• 16. Channel Behaviour and Organization <ul><li>Vertical Market System (VMS) </li></ul><ul><ul><li>Corporate VMS </li></ul></ul><ul><ul><li>Contractual VMS </li></ul></ul><ul><ul><li>Administered VMS </li></ul></ul><ul><li>Individual firms who join through contracts </li></ul><ul><li>Franchise organizations </li></ul><ul><ul><li>Manufacturer-sponsored retailer franchise system </li></ul></ul><ul><ul><li>Manufacturer-sponsored wholesaler franchise system </li></ul></ul><ul><ul><li>Service-firm-sponsored retailer franchise system </li></ul></ul>12-
  • 17. Channel Behaviour and Organization <ul><li>Vertical Market System (VMS) </li></ul><ul><ul><li>Corporate VMS </li></ul></ul><ul><ul><li>Contractual VMS </li></ul></ul><ul><ul><li>Administered VMS </li></ul></ul><ul><li>Leadership through the size and power of dominant channel members </li></ul><ul><li>Leadership could be manufacturer or retailer </li></ul>12-
  • 18. <ul><li>Horizontal Marketing Systems </li></ul><ul><ul><li>Companies at the same level work together with channel members </li></ul></ul><ul><li>Multichannel Distribution Systems </li></ul><ul><ul><li>Also called hybrid marketing channels </li></ul></ul><ul><ul><li>Occurs when a firm uses two or more marketing channels </li></ul></ul><ul><li>Changing Channel Organization </li></ul><ul><ul><li>Disintermediation </li></ul></ul>Channel Behaviour and Organization 12-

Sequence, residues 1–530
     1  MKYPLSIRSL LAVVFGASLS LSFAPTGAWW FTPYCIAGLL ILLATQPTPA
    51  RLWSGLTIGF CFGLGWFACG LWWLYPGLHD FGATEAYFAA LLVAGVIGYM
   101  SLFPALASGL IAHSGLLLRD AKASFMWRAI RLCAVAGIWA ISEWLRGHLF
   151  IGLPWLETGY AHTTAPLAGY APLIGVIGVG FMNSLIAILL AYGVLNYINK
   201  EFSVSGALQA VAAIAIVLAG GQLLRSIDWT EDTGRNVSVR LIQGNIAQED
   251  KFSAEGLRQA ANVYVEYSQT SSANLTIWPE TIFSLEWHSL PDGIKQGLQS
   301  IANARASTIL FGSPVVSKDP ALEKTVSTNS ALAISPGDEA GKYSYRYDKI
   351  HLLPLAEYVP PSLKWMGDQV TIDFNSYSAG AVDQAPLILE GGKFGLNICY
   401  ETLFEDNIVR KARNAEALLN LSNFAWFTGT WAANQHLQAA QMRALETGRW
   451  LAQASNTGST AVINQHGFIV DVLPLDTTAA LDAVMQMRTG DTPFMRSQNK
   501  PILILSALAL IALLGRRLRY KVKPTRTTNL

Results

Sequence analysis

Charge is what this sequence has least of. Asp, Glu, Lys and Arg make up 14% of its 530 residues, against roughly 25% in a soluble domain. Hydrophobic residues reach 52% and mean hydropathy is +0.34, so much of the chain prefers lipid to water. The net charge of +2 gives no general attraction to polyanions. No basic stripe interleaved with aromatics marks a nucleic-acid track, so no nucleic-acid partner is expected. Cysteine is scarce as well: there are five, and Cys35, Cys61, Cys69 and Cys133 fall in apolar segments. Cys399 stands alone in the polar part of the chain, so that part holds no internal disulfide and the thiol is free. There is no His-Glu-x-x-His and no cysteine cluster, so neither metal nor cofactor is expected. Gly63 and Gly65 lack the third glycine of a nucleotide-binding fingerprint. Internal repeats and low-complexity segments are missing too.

• 19. Learning Goals <ul><li>Explain why companies use distribution channels and discuss the functions that these channels perform </li></ul><ul><li>Discuss how channel members interact and how they organize to perform the work of the channel </li></ul><ul><li>Identify the major channel alternatives open to a company </li></ul><ul><li>Explain how companies select, motivate, and evaluate channel members </li></ul><ul><li>Discuss the nature and importance of physical distribution </li></ul>12-
  • 20. <ul><li>Step 1: Analyzing Consumer Needs </li></ul><ul><ul><li>Cost and feasibility of meeting needs must be considered </li></ul></ul><ul><li>Step 2: Setting Channel Objectives </li></ul><ul><ul><li>Set channel objectives in terms of targeted level of customer service </li></ul></ul><ul><ul><li>Many factors influence channel objectives </li></ul></ul><ul><ul><ul><li>Nature of the company (size/financial position) and its products </li></ul></ul></ul><ul><ul><ul><li>Marketing intermediaries </li></ul></ul></ul><ul><ul><ul><li>Competition </li></ul></ul></ul><ul><ul><ul><li>Marketing environment </li></ul></ul></ul>Channel Design Decisions 12-